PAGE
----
Unsecured lending and the indigenous economy in Australia and South Africa

Andrew Hutchison, Dominique Allen

Research output: Contribution to journalArticleResearchpeer-review

Abstract

Consumer credit is closely regulated in both Australia and South Africa. Nevertheless, unsecured lending often results in financial hardship in low-income communities. One aspect of this picture is the impact of the consumer debt burden on the Indigenous economy, which is disproportionately affected by poverty in both countries. Here we juxtapose the comparative regulatory regimes and then contextualize the law using an inter-disciplinary account of each Indigenous economy. We find through this law-in-context comparison that neither Australia nor South Africa has fully resolved the problem of Indigenous financial hardship. This mutual failure is confirmed by the recent Kobelt decision of the High Court of Australia and the drastic measures enacted in the South African National Credit Amendment Act 2019. One positive lesson that South Africa provides is that accommodating the Indigenous economy in financial regulation can promote and empower that sector.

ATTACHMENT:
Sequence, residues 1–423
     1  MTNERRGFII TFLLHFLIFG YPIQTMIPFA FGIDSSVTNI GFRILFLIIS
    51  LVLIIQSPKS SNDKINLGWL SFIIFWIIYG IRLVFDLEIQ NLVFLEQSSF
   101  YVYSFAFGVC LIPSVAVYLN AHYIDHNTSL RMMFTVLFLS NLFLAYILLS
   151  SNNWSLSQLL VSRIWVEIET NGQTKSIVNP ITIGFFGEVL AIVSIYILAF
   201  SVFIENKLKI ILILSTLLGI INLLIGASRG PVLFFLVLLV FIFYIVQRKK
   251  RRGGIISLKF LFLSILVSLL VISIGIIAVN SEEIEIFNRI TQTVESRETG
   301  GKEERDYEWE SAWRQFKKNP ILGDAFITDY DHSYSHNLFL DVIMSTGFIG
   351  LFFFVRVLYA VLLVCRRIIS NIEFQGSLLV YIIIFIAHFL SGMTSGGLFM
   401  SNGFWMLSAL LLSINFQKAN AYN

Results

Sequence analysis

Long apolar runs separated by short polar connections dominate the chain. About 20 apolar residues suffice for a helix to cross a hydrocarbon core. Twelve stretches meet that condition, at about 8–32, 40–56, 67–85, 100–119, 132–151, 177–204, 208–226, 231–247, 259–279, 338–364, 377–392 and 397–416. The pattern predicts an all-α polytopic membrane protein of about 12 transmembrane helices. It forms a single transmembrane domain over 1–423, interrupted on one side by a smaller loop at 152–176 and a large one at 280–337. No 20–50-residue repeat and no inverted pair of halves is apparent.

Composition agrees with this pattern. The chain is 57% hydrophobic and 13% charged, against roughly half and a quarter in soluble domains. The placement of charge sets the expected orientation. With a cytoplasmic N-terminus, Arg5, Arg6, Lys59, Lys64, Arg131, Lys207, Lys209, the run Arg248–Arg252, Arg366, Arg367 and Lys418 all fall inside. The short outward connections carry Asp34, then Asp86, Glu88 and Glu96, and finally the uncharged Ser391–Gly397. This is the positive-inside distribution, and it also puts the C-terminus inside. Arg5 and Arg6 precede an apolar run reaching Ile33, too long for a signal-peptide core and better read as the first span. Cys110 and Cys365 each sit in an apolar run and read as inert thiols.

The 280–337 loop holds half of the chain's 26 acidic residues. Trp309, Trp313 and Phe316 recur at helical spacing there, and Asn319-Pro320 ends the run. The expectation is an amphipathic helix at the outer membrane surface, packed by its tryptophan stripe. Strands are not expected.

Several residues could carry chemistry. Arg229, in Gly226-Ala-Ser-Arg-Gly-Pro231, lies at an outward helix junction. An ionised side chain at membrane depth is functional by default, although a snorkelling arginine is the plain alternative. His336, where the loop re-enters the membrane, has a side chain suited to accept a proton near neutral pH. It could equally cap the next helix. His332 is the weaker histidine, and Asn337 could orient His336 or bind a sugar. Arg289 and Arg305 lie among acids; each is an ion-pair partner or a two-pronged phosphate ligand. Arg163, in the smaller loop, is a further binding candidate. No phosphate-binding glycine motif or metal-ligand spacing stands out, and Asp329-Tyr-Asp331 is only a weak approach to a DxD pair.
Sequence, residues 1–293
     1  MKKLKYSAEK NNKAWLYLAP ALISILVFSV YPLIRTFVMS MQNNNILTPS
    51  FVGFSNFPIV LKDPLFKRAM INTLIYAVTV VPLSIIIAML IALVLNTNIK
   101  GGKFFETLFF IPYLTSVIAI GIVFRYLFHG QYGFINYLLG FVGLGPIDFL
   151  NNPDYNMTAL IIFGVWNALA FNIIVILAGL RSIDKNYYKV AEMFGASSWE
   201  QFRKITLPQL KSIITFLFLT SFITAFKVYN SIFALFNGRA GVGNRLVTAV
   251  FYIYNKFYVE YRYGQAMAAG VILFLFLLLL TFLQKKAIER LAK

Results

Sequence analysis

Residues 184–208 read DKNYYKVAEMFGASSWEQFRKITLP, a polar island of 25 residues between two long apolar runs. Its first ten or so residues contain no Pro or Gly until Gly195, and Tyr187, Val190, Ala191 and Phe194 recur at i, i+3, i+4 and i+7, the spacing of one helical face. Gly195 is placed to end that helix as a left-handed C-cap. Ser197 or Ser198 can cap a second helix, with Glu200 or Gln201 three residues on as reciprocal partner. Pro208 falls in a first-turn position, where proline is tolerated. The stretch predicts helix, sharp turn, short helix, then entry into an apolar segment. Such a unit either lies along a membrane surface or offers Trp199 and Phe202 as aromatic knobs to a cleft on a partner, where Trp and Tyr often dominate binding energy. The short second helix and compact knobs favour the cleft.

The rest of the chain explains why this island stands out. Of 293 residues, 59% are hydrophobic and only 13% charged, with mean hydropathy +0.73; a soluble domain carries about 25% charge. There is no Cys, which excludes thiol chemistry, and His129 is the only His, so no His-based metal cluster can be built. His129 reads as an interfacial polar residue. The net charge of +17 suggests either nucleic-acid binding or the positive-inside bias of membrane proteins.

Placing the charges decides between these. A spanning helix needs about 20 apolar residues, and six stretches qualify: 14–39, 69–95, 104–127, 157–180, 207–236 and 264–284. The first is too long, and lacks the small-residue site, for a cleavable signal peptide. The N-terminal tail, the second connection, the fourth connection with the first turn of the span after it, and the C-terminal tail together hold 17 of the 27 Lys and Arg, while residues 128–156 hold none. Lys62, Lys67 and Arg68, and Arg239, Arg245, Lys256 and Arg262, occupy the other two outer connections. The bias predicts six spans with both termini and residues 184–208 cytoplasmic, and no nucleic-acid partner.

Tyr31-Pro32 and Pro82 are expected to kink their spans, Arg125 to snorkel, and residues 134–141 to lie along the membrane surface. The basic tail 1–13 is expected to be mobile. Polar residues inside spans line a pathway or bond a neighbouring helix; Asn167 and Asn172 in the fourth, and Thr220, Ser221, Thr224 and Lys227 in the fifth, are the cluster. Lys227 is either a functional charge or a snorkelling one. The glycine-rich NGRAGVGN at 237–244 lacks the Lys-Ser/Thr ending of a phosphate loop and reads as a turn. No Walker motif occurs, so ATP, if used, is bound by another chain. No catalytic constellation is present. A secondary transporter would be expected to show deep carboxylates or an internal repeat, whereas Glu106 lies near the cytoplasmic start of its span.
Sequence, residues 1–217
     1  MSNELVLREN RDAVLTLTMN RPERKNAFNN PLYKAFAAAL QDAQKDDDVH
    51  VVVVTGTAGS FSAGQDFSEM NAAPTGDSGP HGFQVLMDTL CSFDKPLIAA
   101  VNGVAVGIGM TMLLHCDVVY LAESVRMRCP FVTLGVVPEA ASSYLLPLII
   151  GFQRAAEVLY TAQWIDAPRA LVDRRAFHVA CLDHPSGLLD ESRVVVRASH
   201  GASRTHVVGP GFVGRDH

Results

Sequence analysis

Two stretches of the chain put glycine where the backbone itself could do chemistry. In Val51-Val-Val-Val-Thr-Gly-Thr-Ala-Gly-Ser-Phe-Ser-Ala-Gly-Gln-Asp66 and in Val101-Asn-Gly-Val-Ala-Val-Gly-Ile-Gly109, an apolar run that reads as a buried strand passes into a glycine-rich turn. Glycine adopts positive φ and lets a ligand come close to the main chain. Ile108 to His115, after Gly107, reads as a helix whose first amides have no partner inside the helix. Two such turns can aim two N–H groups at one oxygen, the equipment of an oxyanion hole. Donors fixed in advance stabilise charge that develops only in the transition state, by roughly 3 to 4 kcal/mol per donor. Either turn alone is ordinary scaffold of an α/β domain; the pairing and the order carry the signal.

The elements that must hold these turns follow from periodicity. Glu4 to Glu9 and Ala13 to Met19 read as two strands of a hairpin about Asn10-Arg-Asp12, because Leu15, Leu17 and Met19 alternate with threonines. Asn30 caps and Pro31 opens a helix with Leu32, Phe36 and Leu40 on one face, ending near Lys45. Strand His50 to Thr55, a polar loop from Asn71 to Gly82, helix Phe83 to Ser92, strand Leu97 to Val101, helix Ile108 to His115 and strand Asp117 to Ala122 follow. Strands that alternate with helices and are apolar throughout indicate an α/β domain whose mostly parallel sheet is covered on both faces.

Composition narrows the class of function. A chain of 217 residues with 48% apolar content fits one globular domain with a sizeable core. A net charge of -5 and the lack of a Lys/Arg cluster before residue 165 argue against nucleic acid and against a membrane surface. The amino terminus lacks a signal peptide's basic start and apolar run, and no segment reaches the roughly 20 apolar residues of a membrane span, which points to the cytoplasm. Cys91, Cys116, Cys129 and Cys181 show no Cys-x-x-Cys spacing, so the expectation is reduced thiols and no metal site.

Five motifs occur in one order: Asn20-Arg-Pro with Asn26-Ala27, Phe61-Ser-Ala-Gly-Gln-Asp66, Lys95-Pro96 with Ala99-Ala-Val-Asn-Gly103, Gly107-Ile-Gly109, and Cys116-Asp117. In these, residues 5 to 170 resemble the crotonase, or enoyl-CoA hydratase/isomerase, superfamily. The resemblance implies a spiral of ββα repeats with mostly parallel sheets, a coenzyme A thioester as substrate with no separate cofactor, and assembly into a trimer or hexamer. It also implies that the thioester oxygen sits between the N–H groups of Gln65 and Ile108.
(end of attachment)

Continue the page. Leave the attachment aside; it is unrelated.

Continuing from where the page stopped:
Original languageEnglish
Pages (from-to)84-105
Number of pages22
JournalJournal of Law and Society
Volume48
Issue number1
DOIs
Publication statusPublished - Mar 2021

Cite this